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Figure 3: Dots showing punctate hyperfluorescence starting in the early phase and extending into the arterial phase nasal to macula and close to disc (yellow arrows)

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Figure 4: Late phase of fundus fluorescein angiography showing staining of spots temporal to macula (yellow arrow) and disc leakage (white arrow)

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Figure 5: Optical coherence tomographic macula showing subfoveal hyperreflective lesion extending into the outer nuclear layer through disruption of ellipsoid zone, inter digitation zone and external limiting membrane (yellow arrow) and disruption of external limiting membrane and ellipsoid zone in the parafoveal region (white arrow)

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Figure 6: Optical coherence tomographic macula showing hyporeflective lesions corresponding to spots (yellow arrow), disruption of retina pigment epithelium (white arrow) and discontinuity of external limiting membrane, inter digitation zone, and ellipsoid zone (pink arrow)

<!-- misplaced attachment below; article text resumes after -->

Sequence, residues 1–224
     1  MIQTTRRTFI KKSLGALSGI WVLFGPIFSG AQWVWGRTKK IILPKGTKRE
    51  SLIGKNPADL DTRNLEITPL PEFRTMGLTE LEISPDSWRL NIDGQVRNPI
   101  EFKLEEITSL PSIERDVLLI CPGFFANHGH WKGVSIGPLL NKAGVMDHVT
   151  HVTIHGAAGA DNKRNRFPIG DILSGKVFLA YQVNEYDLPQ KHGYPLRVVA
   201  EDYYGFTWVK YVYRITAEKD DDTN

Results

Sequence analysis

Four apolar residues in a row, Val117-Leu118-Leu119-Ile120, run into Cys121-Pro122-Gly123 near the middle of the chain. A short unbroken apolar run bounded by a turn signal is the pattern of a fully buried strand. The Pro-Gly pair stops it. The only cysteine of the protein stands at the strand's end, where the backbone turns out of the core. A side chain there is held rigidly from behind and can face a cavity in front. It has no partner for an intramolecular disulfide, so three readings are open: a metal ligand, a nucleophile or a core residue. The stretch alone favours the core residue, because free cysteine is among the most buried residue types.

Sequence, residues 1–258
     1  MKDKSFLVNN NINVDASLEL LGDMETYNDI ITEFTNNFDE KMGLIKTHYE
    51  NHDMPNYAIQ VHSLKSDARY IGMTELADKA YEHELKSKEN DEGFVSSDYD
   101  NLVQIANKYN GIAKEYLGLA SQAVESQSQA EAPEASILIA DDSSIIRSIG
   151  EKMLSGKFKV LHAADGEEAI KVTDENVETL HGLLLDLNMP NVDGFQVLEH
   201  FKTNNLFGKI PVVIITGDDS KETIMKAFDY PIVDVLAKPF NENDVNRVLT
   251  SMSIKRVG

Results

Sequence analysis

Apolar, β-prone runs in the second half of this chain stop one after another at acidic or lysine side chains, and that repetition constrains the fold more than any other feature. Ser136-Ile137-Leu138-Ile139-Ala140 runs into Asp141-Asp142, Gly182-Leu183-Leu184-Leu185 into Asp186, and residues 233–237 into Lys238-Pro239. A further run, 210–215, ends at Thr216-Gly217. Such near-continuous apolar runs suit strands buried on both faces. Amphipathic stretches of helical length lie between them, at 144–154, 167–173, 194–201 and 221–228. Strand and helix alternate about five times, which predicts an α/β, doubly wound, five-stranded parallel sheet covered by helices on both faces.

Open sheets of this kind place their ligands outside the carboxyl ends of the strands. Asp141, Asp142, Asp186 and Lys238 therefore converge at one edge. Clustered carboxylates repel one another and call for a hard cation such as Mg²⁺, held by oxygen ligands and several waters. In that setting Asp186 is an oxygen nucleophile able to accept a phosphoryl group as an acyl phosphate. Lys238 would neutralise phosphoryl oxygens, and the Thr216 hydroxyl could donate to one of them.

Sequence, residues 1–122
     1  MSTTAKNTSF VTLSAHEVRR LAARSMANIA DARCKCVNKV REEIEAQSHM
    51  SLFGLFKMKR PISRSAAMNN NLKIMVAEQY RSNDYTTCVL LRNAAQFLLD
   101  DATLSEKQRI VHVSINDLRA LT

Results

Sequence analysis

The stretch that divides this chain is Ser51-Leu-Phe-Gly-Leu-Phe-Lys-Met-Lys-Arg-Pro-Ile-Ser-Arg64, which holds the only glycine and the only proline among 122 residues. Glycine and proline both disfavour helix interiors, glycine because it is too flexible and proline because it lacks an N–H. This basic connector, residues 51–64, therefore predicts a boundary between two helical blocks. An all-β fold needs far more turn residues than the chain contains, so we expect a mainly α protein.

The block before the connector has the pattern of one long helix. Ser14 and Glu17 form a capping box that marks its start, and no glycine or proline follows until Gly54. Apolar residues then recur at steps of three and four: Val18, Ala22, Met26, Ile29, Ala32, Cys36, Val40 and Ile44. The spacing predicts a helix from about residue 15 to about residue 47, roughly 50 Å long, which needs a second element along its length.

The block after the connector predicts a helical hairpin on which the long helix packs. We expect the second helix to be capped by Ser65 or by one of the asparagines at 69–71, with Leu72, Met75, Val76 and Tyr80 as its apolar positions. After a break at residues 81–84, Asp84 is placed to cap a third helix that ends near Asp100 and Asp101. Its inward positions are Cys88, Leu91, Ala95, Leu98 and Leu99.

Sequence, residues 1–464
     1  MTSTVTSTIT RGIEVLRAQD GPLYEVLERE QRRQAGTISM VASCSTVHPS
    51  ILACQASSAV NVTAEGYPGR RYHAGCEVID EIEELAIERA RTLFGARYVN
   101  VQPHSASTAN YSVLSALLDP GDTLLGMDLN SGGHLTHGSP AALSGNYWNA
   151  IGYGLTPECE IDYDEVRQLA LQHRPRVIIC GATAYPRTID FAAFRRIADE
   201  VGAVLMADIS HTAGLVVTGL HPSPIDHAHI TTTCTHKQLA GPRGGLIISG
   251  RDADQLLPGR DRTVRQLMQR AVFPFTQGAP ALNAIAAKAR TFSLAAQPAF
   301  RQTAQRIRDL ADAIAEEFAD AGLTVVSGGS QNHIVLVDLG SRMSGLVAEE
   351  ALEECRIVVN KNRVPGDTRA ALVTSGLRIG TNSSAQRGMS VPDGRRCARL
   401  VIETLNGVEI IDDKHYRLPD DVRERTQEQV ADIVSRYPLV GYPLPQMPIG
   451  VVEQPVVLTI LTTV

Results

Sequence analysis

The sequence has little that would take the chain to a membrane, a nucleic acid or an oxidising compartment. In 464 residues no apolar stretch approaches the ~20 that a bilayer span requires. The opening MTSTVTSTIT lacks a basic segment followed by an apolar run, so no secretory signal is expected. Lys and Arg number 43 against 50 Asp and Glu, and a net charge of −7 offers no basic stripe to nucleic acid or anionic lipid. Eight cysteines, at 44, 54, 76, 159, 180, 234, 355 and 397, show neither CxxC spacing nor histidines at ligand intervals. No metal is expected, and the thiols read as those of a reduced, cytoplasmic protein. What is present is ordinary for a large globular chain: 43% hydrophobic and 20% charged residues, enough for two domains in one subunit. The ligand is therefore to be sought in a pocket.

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  Discussion Top


Unilateral presentation, female preponderance, flu-like illness and clinical findings at the level of retina pigment epithelium (RPE), not going beyond major vascular arcades in multiple evanescent white dot syndrome (MEWDS) are consistent with the lines of Jampol et al.[1] Gross et al. classified MEWDS into dots (approximately 100 μm) localized to deep retina and RPE and spots (≥200 μm) localized to RPE and inner choroid. Dots show punctate hyperfluorescence in the choroidal as well as in the retinal artery perfusion phase. This is explained by the window defects generated by perfusion of choriocapillaris through the inflammatory lesions causing disruption of RPE and retinal capillary microangiopathy.[2] Spots are believed to be due to infiltration within RPE and inner choroid with inflammatory cells without significant ischemia.[2] The normal appearance of choriocapillaris points the possible injury at the level of outer retina and photoreceptors. The inhomogeneity, attenuation of signal, and disruption of EZ may be due to inflammatory swelling of photoreceptors or RPE-photoreceptor complex and corresponded to spots resting on the RPE and dots if they extended into the inner retina and this could be correlated to FFA.[3],[4],[5]